Teachers for Teachers | Mentor Teaching Moves: Getting Your Evidence to Match Up #T4TMoments #itsallaboutthebooks
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Mentor Teaching Moves: Getting Your Evidence to Match Up #T4TMoments #itsallaboutthebooks

Are you ever shocked when you get to the last page of a book?  Do you ever realize what you thought to be true was not?  In this moment, right at the end, we come to a whole new understanding.  When this happens, we linger on the end for a bit.  We slow down and think about what surprised us and the connections between the beginning and the end of the book.

The same thing happens to our students.  Their best ideas about a book often come when they finish the text. This can be a source of frustration when they are preparing for a book club conversation or writing a response.   As they look over their notes about the book, they realize that what they wrote doesn’t match their new insights.  It is at this moment that some students become stuck – rather than lingering, they run away!  They don’t have evidence from the text to support their new ideas and they don’t want to reread the entire book to find it. (Not that we blame them.  We don’t want them to reread the entire text either.)  How can we help students who want to talk about the text with their book club or write a response about a book when their notes do not reflect their new thinking?

We teach students a process to help them track an important idea back through a text.   In this example we use our notes from the book Crossover by Kwame Alexander to help students learn a few different strategies to deal with this common problem readers face:

Step 1:  Reread the ending (last chapter or last few chapters) with your big idea in mind and record important words or phrases from the text.  Here are the lines from the last few chapters of Crossover that stood out to us:

True champions learn to dance through the storm.”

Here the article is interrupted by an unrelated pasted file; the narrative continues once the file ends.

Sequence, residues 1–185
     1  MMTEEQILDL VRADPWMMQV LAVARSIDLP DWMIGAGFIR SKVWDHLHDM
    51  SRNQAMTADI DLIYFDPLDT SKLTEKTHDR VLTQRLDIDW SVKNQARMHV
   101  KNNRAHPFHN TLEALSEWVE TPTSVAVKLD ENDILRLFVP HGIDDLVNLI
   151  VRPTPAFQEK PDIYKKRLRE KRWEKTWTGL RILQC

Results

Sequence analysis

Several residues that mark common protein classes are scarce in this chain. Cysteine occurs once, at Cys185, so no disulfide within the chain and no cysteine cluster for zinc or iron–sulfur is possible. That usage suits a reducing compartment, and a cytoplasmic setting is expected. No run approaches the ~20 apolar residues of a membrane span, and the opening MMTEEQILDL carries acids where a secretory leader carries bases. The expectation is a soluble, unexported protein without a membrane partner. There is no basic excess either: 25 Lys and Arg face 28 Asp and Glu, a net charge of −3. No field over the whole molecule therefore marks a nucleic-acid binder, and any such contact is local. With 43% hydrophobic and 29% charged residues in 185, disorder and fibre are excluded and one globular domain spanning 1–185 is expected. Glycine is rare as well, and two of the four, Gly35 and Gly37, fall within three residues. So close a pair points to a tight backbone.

“The only thing that matters is that out here in the driveway shooting free throws I feel closer to Dad.”

“You earned it, Filthy, he says, sliding the ring on my finger.”

“I watch the ball leave his hands like a bird up high, skating the sky, crossing over us.”

Step 2:  Now look over the table of contents and read the chapter titles.  Decide which chapters you should reread to support your evidence?   If the chapters in your book do not have titles, read the beginning paragraph of each chapter to remember what happened.  Then ask yourself, “Does this chapter contain information about my bigger idea?”  If the answer is yes, reread portions of the chapter.  If the answer is no, go to the next chapter.

We looked for chapter titles in Crossover that might have information about the father’s health or the importance of family.   Here are the chapters we decided to reread and take notes:

  • Basket Ball Rules – #1-10
  • Mom doesn’t like us eating out
  • Hy-per-ten-sion
  • Mom calls me into the kitchen
  • The main reason I can’t sleep
  • No pizza and fries
  • My-o-car-di-al-in-facr—tion

Step 3: If you read the text on a digital device, think about the keywords in your new idea and search for these words.  This should help you find possible places in the text to support your thinking.

Here is how we used the search feature on the Kindle to find evidence to support our thinking about Crossover:

Key Words:  Basketball rules, hospital, doctors, hypertension

Results:

Great writers push our thinking and touch our hearts.  We want students to know that all readers revise their thinking as they read and that often our best ideas come as we read the ending of a book.   We also want them to know strategies for how to find evidence to support their ideas so that they can have thought-provoking conversations and write meaningful reflections about their books.  If you want to read more ideas on how to use books to engage and instruct readers, check out our latest book, It’s All About the Books.  We are donating all of our royalties to the Book Love Foundation.  The Book Love Foundation is a nonprofit organization dedicated to improving classroom libraries and putting books in the hands of students.

We would also love to learn from you.  How are you helping students find evidence to support their ideas?   What are some different ways your students take notes as they read?

 

 

 

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